More than just Bootstrap – Plate Up’s mobile-first design
Many of the principles and techniques that underpin good web design remain a mystery to most customers in the WordPress themes market. These customers are often small design and marketing agencies, dedicated bloggers, or dogged do-it-yourself’ers. So it makes sense that they wouldn’t know or need to know the technical details behind things like browser compatibility.
But the concept of responsive design has penetrated that fog. In the WordPress themes market, “responsive” themes have become a de facto standard. Customers know what it is and, even if they don’t, they know they need a “responsive” theme. Every theme makes sure it announces itself as as responsive design and the large marketplaces all ensure such information is prominently displayed.
So what is responsive design?
In broad terms, responsive design refers to a site that will adjust its layout depending on the size of the screen viewing the site. This is how, for example, a large navigation menu is collapsed and hidden behind a button when viewed on a small screen. With mobile traffic now reaching 30% of traffic on many of the sites I manage, it makes sense that responsive design has become a keystone for theme customers in the WordPress market. If you don’t have a site that can be used on mobile, you’re losing a lot of business!
But now we’re approaching a threshold. It won’t be long before many sites are receiving more than 50% of their traffic from mobile devices. Some are already there. I think the restaurant industry will be one of the first to hit this threshold.
Many restaurants thrive on out-of-town customers whose only connected device may be their phone. Cafes and coffee shops are big for spontaneous meetups or after-work stops, when people are on the move with their phones. Happy Tables, which runs several restaurant websites, keeps a widget on their site showing the percentage of mobile traffic over the last week. At the time of writing, it was at 48%.
Plate Up’s mobile-first strategy
Over the last several years, putting together a responsive theme has meant adopting a grid framework, like Bootstrap or Foundation, then letting them stack your content vertically on small devices. But with the growth of mobile traffic, it’s time to think more deeply about how to optimize a site for mobile visitors. It’s no longer enough to treat it as an afterthought, once a lovely desktop design has been created. Here are some of the things I did to ensure that mobile visitors were treated as first-class citizens with the Plate Up theme for WordPress.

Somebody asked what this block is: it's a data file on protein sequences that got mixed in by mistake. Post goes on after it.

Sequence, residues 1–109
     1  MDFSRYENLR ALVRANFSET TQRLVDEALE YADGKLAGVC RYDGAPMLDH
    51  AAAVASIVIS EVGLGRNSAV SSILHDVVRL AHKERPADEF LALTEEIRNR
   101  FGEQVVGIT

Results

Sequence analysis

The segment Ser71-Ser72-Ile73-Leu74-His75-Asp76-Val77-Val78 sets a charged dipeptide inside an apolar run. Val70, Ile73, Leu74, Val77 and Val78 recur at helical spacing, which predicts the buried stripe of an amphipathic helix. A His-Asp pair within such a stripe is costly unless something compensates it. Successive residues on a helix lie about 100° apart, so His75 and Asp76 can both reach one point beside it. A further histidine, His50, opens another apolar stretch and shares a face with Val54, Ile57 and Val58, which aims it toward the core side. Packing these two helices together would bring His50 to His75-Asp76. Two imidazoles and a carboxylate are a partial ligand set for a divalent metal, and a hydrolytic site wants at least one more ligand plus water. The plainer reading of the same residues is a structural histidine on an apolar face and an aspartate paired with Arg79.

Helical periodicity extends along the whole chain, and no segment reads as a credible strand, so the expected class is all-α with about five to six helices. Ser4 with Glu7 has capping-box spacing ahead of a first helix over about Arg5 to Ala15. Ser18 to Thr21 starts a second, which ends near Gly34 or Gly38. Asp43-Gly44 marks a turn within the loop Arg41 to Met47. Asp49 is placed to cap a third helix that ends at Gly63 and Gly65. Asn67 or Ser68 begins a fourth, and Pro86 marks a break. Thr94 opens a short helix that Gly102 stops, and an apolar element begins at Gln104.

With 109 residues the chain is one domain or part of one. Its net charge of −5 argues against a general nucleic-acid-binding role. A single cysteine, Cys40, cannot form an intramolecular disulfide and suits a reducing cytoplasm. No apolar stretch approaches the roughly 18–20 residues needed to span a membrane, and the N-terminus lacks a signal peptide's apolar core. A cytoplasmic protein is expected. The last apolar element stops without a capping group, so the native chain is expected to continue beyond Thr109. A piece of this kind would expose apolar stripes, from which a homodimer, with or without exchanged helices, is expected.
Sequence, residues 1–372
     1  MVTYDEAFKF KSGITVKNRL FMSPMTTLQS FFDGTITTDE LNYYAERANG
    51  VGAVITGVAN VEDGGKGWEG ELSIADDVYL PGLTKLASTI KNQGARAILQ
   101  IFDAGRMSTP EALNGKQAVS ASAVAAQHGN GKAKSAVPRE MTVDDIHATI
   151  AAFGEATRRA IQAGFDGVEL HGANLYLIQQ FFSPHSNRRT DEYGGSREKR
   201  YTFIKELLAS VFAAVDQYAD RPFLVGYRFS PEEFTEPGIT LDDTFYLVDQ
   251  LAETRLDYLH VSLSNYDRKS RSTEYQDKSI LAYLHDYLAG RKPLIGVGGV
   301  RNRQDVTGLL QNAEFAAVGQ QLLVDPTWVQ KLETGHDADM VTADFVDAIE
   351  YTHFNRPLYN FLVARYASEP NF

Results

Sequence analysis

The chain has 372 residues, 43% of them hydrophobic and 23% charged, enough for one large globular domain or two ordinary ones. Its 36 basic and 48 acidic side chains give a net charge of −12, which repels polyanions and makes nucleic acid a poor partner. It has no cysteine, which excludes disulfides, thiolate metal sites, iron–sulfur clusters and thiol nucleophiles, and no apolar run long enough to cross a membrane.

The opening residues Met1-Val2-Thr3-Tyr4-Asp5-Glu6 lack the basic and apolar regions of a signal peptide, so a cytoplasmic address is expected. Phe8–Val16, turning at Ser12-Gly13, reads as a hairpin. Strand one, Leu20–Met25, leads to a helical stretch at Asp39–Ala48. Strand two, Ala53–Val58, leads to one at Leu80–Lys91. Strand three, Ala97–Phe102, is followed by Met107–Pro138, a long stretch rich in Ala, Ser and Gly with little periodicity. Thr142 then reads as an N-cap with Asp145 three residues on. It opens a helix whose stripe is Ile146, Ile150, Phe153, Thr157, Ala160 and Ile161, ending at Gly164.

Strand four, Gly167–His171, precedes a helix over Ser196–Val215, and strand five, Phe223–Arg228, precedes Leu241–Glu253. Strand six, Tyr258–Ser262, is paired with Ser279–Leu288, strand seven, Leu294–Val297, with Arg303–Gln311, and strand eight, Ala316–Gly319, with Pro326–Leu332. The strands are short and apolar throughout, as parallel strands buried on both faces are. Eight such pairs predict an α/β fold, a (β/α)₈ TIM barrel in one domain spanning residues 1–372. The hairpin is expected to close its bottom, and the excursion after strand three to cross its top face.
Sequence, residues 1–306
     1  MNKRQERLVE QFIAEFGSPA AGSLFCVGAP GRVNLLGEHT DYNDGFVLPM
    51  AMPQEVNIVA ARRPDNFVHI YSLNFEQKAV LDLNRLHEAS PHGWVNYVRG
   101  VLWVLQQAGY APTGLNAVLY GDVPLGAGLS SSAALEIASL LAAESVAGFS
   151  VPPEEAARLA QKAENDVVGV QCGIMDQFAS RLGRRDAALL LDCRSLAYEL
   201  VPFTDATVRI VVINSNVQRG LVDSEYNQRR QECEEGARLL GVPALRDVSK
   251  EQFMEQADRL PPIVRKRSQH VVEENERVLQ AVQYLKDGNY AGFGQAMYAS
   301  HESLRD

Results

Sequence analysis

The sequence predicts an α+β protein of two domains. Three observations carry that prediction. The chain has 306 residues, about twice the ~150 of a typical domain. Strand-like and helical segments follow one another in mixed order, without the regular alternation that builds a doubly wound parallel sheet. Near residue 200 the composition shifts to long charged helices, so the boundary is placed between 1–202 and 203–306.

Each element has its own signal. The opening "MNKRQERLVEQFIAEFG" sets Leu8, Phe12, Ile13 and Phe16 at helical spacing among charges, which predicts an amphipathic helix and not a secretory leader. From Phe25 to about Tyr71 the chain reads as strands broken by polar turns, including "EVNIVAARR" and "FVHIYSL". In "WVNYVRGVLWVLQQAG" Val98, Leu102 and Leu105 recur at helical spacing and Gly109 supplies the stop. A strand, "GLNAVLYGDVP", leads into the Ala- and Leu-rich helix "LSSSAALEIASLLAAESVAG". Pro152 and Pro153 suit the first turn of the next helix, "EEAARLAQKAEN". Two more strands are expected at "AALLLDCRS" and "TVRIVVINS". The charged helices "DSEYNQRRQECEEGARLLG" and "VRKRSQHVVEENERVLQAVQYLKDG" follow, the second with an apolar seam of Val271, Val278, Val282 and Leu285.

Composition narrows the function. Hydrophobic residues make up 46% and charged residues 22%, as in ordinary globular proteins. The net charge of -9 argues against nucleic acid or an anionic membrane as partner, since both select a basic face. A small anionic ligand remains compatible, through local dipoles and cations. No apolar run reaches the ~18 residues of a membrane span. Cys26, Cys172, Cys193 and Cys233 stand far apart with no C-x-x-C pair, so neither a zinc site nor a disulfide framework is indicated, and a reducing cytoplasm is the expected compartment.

Front page information
Plate Up comes with a few methods for ensuring you can have a light, quick-loading front page while still getting in all of the most important data. This means your mobile visitors won’t need to click through and load multiple pages to find what they want — opening hours, contact details, online reservations, reviews. You can display it all right there on the front page without too much scrolling.
Mobile-friendly reservations and directions
The booking form for online reservations uses the pickadate.js library, which is designed for easy use on touch screens and mobile devices. Your users won’t have to tap tiny buttons just to select the right date or time. In addition, it’s easy to display a link that will show them on Google Maps how to get from their current location to your restaurant. That’s perfect for people visiting from out of town or checking your location on-the-go.
Retina where appropriate
“Retina-ready” is another thing that has become a de facto standard in the WordPress themes market. But in the rush to support retina devices, many themes have overloaded their pages with heavy image assets, loading in several megabytes of extra data on each page load. This causes serious problems for mobile users — especially if they’re not on the latest and greatest 4g connection. Plate Up is retina-ready where appropriate, but balances these considerations against the need to load and view a website quickly.
Just the best bits of Bootstrap
Bootstrap is an extraordinary tool for responsive web development. But it was designed for quick prototypes. Instead of loading the full Bootstrap library, Plate Up has stripped out just the components it needs to provide a good mobile experience.
What to look for when buying a responsive theme
The next time you go looking for a responsive theme, take a moment to look deeper. Although just about any commercial WordPress theme made these days is responsive, not all of them have carefully considered their mobile audience. Here are a couple things you can do to evaluate how the theme will perform on mobile devices:
- Load it on your phone!
Take the time to load up the demo on your phone. Many sites will perform quickly on a desktop but take ages to render on a mobile device — especially if you don’t have the newest, fanciest phone.
- Look at the image assets
All designs are different. Some need lots of images, some work with just one. But look at how the image assets are loaded in on small screens. Does the theme load a large, full-screen image even when you load the page in a tiny browser window? If so, that means your phone is going to have to do the same thing. That can cause problems when you’re out of range of your fast, 4g connection.
- Look at the script and stylesheets loaded
So keep these things in mind the next time you’re looking for a theme. And check out my new theme, Plate Up, which is optimized for mobile devices!